Where can we find the origin of such an innovative technique as freeze-drying in the ancient alchemy of Egypt, Persia, China or Greece? It would be logical to think so, but the reality is further away, on the other side of the world.
Let’s start by travelling to South America, to the ancient indigenous cultures of the Andes, to find the Aymara, a pre-Inca tribe that controlled the regions around Lake Titicaca. There, at almost 4,000 metres above sea level, the terrible weather conditions posed a constant challenge to survival.
The diet of the Aymara, primarily based on agricultural products, was based on the potato as one of their most important substances (the same potato that the Spanish would later bring to old Europe). You may not know that the potato generates a toxic substance, solanine, if it is subjected, for example, to excessive exposure to the sun, and can generate severe symptoms of poisoning.
Well, the Aymara discovered how to eliminate these toxins and at the same time preserve the potatoes for long periods of time. For more than 1,500 years they have been preparing a local staple food they call “chuno” with these freeze-dried “potatoes” in a rudimentary but incredibly perfect way.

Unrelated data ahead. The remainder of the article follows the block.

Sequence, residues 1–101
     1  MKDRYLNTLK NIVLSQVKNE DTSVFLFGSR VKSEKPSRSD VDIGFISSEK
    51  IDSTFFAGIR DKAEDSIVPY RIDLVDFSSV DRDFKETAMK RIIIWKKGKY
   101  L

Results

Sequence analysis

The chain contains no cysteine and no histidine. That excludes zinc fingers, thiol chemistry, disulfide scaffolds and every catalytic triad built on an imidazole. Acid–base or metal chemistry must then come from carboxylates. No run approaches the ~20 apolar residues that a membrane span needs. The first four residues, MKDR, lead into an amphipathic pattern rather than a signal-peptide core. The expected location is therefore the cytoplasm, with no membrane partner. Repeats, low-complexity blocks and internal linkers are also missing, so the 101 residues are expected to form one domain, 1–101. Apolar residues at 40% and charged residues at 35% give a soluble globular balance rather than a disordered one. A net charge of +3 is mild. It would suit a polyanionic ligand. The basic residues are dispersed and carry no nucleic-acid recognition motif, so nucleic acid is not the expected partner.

The ancestral process of freeze-dried “papa“
The “papas” were left outside the Aymara houses all night, so at that altitude they would freeze easily. Later, they were trampled, as is done with grapes in our Mediterranean cultures, and then placed in loose wicker baskets and left in streams for a few weeks (in this way, the wild tubers released up to 97% of their toxins).
After this time, the potatoes were again left on the doorstep of the houses, where they were frozen at night and dried in the sun during the day, squeezed occasionally, and so on until the product managed to evaporate all the water it contained.
In this simple (but ingenious) way, the Aymara used the tools provided by their natural environment: high altitude, low pressure and bright sunshine to do an effective job: the first freeze-drying in history!
From then until now, the basics have remained the same. Freeze-drying involves using low pressure, extreme cold and gentle heat to remove that solid water from the frozen food, without having to melt it first. The result, even then, allowed the Aymara people to obtain food that was edible and storable for up to 20 years.